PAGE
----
BPC rejects MPs’ anti-meat message

The British Poultry Council has hit out at a Westminster report that suggests consumers should eat less meat as a way of enhancing food security.

The Global Food Security report from the International Development Committee of MPs says the UK is “never more than a few days away from a significant food shortage”.

In particular, it points to the rate of increase in global meat consumption which it describes as “unsustainable” due to the growth in the production of grain-fed livestock, with crops used to feed animals instead of humans.

“UK consumers should be encouraged, over time, to reduce how often they eat meat,” suggested committee chairman, Sir Malcolm Bruce. “As a nation we should place a stronger focus on more sustainable extensive systems of meat production, rather than on highly intensive grain-fed livestock units.”

But chief executive of the British Poultry Council Andrew Large said the committee’s recommendations on meat consumption were disappointing.

“Poultrymeat is a wholesome and nutritious protein source and should be an important feature of a healthy diet,” he said. “At a time when the world needs more food than ever to meet the demands of a growing population, food production must be a priority and the poultrymeat industry has a key role to play.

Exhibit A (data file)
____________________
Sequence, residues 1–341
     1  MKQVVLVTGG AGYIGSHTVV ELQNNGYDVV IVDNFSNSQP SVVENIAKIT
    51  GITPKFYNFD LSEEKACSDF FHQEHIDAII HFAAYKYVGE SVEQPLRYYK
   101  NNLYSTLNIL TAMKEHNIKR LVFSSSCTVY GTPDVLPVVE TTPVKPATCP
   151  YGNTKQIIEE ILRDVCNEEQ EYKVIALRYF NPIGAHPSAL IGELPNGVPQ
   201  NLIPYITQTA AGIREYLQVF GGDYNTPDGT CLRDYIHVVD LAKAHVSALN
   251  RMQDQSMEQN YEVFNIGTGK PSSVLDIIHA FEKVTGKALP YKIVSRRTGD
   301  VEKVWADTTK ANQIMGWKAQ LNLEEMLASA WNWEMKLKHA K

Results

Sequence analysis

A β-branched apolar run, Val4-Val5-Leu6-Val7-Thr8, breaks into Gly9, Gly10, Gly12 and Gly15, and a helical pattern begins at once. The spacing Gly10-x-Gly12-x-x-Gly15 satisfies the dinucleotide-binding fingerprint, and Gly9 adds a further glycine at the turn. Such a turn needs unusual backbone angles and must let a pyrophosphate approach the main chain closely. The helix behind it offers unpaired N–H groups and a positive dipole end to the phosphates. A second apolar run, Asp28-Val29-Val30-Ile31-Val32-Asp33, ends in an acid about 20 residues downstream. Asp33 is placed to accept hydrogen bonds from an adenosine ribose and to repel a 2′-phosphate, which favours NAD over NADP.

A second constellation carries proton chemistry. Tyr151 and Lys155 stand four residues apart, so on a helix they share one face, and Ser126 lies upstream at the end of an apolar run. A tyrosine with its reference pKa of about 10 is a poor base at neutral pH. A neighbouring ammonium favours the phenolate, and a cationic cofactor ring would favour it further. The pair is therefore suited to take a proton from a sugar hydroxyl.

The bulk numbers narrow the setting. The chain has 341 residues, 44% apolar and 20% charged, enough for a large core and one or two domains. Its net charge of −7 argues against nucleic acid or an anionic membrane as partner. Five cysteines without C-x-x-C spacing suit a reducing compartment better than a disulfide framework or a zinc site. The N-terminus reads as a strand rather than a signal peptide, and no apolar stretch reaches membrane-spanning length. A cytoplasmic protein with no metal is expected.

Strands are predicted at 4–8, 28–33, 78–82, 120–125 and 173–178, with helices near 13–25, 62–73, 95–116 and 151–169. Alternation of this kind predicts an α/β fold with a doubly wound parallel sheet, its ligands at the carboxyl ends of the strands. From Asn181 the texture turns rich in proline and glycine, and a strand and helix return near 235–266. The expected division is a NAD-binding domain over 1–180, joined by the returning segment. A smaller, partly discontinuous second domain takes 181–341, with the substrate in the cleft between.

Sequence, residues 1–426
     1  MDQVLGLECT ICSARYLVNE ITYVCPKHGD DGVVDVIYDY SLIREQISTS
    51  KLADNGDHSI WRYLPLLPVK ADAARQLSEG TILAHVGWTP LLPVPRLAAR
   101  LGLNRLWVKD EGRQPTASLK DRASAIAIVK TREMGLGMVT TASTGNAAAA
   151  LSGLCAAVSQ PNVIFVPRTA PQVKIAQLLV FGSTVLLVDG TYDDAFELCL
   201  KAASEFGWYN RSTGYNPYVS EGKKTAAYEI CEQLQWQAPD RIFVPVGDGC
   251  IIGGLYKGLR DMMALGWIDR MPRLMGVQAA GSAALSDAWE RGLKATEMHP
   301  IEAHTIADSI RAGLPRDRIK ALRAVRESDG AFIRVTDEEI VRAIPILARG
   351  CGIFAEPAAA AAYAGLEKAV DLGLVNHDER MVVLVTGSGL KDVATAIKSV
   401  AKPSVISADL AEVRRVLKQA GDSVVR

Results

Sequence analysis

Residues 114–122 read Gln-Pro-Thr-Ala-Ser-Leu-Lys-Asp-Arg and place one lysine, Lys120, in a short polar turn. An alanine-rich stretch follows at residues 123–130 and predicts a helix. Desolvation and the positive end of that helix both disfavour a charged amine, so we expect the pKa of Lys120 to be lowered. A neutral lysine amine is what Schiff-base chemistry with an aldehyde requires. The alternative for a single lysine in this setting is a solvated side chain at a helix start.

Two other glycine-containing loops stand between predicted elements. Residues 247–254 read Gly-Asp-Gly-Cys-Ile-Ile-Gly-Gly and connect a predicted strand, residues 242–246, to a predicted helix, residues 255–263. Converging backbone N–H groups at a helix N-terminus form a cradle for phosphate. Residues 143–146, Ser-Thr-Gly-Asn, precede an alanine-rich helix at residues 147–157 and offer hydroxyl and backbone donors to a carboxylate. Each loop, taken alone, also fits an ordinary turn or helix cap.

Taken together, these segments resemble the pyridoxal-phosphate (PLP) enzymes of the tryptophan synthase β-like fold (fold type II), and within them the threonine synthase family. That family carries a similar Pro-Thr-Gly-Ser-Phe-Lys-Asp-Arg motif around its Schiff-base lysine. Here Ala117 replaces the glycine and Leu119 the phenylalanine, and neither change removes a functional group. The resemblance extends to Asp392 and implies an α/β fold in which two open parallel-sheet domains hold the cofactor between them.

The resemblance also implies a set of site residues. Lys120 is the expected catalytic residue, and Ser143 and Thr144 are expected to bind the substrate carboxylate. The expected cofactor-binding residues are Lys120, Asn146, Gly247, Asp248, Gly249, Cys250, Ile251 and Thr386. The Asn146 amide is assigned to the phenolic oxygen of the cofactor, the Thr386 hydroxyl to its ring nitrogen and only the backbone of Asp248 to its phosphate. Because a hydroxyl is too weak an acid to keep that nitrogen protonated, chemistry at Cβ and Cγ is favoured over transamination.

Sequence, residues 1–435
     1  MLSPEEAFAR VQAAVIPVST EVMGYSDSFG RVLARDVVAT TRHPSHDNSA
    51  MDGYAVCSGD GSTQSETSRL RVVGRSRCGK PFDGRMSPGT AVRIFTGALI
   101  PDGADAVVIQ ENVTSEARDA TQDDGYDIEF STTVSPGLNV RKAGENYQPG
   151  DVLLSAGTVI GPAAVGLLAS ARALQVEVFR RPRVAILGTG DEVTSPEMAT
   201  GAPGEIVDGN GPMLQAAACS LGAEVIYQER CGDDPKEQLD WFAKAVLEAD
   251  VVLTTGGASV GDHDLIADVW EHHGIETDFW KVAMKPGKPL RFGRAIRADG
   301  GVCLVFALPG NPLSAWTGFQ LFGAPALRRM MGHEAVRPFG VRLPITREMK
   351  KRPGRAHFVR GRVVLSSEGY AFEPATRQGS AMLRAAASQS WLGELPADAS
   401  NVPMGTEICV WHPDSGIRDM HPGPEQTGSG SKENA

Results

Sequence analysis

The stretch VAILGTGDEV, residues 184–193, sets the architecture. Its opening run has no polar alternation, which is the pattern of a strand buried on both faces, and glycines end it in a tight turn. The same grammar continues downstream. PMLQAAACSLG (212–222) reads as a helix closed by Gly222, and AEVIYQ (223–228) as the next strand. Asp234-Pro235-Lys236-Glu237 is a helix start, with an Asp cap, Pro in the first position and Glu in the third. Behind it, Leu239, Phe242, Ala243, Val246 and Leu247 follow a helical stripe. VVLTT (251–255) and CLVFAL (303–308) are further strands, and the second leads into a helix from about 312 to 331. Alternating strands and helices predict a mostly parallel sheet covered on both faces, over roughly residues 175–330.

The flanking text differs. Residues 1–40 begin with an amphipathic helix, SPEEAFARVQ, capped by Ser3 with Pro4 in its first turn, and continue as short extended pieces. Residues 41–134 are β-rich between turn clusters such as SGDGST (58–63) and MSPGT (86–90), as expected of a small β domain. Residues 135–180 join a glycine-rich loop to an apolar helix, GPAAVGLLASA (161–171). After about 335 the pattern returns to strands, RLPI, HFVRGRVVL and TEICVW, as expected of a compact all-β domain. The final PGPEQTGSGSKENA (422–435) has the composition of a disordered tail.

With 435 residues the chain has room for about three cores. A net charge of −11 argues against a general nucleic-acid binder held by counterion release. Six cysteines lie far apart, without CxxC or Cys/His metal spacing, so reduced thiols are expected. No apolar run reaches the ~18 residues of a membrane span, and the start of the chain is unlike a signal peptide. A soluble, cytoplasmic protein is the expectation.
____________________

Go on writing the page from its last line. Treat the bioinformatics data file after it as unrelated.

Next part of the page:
“Poultry production is an economically sustainable production with the most efficient Feed Conversion Ratio among other livestock, low carbon and water footprints, low energy and electricity usage. Thanks to a short supply chain, the poultry industry contributes efficiently to feeding the world, in an environmentally responsible way.”

As well as cutting down on meat consumption, the committee report calls for a national consumer campaign to reduce domestic food waste, with government-set targets for the food production and retail sectors.

It also calls for a significant rethink on biofuels policy. “Biofuel crops not only displace food crops, but are in some cases providing energy sources that are potentially more damaging to the environment than fossil fuels,” said Sir Malcolm.

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